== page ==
The conflict in the occupied Nagorno-Karabakh continues to mount as Azerbaijan advances against the Armenian positions, inflicting thousands of casualties along the way. Despite the heavy blow, however, Armenia continues to stick to its occupying strategy in the region and overlook offers for peace talks.
In a statement, Azerbaijan's Defense Ministry said Tuesday that at least 2,300 Armenian soldiers were killed and wounded since Sept. 27, when the war broke out.
Armenia has also lost approximately 130 tanks and armored vehicles, more than 200 artillery and missile systems, 25 air defense systems, six command and observation posts, five ammunition depots, approximately 50 anti-tank guns and 55 cars, the Defense Ministry said.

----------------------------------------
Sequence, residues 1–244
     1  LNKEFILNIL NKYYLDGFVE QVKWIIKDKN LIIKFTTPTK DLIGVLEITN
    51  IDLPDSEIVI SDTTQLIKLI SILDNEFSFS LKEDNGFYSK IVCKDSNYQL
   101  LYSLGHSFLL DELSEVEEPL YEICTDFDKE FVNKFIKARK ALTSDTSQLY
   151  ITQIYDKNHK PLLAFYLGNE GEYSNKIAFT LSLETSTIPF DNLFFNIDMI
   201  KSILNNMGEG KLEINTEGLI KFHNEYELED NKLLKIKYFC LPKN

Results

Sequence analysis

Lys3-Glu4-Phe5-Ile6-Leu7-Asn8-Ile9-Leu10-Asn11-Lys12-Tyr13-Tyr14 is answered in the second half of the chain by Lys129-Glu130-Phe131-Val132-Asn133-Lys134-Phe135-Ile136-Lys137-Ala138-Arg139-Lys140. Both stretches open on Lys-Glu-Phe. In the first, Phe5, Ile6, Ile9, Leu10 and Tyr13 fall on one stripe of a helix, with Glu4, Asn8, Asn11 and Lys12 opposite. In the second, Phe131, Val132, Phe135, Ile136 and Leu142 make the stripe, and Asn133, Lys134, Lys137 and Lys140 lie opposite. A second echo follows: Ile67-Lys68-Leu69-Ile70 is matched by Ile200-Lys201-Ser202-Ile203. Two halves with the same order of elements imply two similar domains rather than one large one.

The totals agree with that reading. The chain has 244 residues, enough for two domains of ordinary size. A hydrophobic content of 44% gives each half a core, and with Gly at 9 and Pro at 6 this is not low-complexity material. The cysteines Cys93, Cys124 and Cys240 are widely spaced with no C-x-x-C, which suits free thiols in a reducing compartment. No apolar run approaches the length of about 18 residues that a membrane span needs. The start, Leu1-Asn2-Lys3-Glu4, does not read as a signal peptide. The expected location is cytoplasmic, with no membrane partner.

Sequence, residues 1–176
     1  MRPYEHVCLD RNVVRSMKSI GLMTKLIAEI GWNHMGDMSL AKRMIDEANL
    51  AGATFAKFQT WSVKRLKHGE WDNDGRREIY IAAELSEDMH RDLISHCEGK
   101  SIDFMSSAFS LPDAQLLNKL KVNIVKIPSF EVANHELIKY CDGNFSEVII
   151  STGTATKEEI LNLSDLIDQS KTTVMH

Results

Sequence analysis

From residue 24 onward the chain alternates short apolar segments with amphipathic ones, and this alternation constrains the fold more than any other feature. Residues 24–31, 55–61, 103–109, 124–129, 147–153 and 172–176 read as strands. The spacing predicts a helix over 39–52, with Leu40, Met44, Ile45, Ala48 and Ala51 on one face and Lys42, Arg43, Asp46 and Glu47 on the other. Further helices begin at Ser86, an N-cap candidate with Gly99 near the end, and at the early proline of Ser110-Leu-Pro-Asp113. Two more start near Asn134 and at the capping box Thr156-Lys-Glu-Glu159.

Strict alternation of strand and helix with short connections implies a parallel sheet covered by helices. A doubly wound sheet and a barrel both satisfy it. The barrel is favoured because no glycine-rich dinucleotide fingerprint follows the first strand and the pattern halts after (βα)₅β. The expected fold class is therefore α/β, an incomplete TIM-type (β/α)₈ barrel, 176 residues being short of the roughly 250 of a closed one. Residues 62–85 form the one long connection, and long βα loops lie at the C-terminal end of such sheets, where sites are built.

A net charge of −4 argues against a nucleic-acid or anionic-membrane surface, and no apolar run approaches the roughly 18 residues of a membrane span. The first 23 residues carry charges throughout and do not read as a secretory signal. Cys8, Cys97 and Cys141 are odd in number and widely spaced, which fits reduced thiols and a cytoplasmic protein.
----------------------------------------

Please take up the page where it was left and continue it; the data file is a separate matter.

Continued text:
It added that Armenia targeted Azerbaijan's Tartar region with artillery fire in the early hours. Though there were structural Infrastructure damages, no civilians casualties have been reported, it said.
Azerbaijan military, in the meantime, besieged the Armenian forces in the Aghdara-Tartar area, the ministry said, adding that "The operation to destroy the Armenian forces with artillery fire and clear the area continues."
The Armenian military, on the other hand, targeted the Asagi Agcakend village in Azerbaijan's Goranboy district with artillery fire, which is being "effectively responded" by Azerbaijan, according to the ministry.
Border clashes broke out early Sunday when Armenian forces targeted Azerbaijani civilian and military positions, leading to multiple casualties.
Azerbaijan's parliament declared a state of war in some cities and areas, following Armenia's border violations and attacks in the occupied Nagorno-Karabakh region. Azerbaijan also declared partial military mobilization Monday.